Tim. Wilt dine with me, Apemantus ?
Apem. No, I eat not lords.
Tim. If thou should'st, thou’dst anger ladies.
Apem. O, they eat lords; so they come by great bellies.
Tim. That's a lascivious apprehension.
Apem. So, thou apprehendit it

. Take it for thy labour. Tim. How dost thou like this jewel, Apemantus? Apem. Not so well as Plain-dealing, which will not cost

a man a doir.

Im. What dost thou think 'tis worth?
Apem. Not worth my thinking How now, Poet?
Poet. How now, Philofopher?
Apem. Thou lieft.
Poet. Art thou not one!
Apem. Yes.
Poet. Then I lie not.
Apem, Art not a poet?
Poet. Yes.

Apem. Then thou liest: look in thy last work, where thou hast feign'd him a worthy fellow,


Poet. That's not feign'd, he is fo.

Apem. Yes, he is worthy of thee, and to pay thee for thy labour. He, that loves to be flattered, is worthy o'th' flatterer. Heav'ns, that I were a lord !

Tim. What would'st do then, Apemantus ?
Apem. Ev'n as Apemantus does now, hate a lord with

my heart.

Tim. What, thy self?
Apem. Ay.
Tim. Wherefore?

Apem. That I had so hungry a wit, to be a lord. (5)
Art thou not a Merchant ?

Mer. Ay, Apemantus.
Apem. Traffick confound thee, if the Gods will not!
Mer. If Traffick do it, the Gods do it.
Apem. Traffick’s thy God, and thy God confound thee !

Trumpets found. Enter a messenger.
Tim. What trumpet's that?

Mef. 'Tis Alcibiades, and some twenty horse
All of companionship.

Tim. Pray, entertain them, give them guide to us ;
You must needs dine with me: go not you hence,
'Till I have thankt you; and when dinner's done,
Shew me this piece.' I'm joyful of your sights.

Enter Alcibiades with the rest.
Most welcome, Sir!

[Bowing and embracing: Apem. So, so! Aches contract, and starve your supple joints ! that there should be small love amongst these sweet knaves, and all this courtesie! the strain of man's bred out into baboon and monkey.

Alc. You have sav'd my longing, and I feed

(5) That I had no angry Wit to be a Lord.) This Reading is absurd, and unintelligible. But as I have restor'd the Text, it is satyrical enough of all Conscience, and to the Purpose: viz. I would hate myself, for having no more Wit than to covet so insignificant a Title. In the same Sense Shakespeare uses lean-witted, in his Richard 2d. And thou a lunatick, lean-witted, Fol.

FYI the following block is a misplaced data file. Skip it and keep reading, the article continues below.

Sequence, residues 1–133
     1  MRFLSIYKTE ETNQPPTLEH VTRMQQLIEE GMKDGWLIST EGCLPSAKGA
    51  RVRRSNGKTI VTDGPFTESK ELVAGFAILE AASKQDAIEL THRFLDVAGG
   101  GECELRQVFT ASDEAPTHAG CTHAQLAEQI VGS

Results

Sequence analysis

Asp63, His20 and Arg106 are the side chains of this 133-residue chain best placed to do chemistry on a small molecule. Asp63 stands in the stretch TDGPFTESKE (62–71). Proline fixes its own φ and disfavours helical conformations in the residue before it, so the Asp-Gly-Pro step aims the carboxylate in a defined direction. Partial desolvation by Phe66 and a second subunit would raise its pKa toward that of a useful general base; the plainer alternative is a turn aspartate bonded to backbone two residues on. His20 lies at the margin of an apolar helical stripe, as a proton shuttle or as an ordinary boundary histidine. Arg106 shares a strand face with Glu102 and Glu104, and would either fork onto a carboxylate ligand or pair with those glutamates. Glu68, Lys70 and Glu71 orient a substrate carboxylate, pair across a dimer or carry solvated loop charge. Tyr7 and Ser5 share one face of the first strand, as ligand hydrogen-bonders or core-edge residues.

Mr. Warburton, P4


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Most hungerly on your sight.

Tim. Right welcome, Sir. E're we do part, we'll share a bounteous time (6) In different pleasures. Pray you, let us in. [Exeunt.

Manet Apemantus. Enter Lucius and Lucullus. Luc. What time a day is’t, Apemantus ? Apem. Time to be honest. Luc. That time serves still. Apem. The most accursed thou, that ftill omittft it. Lucul. Thou art going to lord Timon's feat. Apem. Ay, to see meat fill knaves, and wine heat fools, Lucul. Fare thee well, fare thee well. Apem. Thou art a fool to bid me farewel twice. Lucut. Why, Apemantus ?.

Apem. Thou should'st have kept one to thy self, for I mean to give thee none.

Luc. Hang thy self.

Apem. No, I will do nothing at thy bidding: make thy requests to thy friend.

Lucul, Away, unpeaceable dog, or ? I'll spurn thee hence.

Apem. I will ny, like a dog, the heels o'th' afs.

Luc. He's opposite to humanity.
Come, shall we in, and taste lord Timon's bounty?
He, sure, outgoes the very heart of kindness.

Lucul. He pours it out. Plutus, the God of gold,
Is but his Steward: no meed but he repays
Seven-fold above it self; no gift to him,
But breeds the giver a Return exceeding
All use of quittance.

Luc. The noblest mind he carries,
That ever govern'd man.

Lucul. Long may he live in fortunes ! shall we in?
Luc. I'll keep you company.


(6). E're we depart, -] Tho the Editions concur in this Reading, it is certainly faulty. Who depart? Tho Alcibiades was to leave Timon, Timon was not to depart from bis own House. Common Sense favours my Emendation.